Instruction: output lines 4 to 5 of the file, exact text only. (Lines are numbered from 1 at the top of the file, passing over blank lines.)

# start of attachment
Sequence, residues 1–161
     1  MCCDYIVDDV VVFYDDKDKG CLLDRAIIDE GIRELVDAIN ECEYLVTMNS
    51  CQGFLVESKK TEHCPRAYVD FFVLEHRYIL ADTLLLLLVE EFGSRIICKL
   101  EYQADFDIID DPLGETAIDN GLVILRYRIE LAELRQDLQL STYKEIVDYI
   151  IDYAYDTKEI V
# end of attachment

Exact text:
   101  EYQADFDIID DPLGETAIDN GLVILRYRIE LAELRQDLQL STYKEIVDYI
   151  IDYAYDTKEI V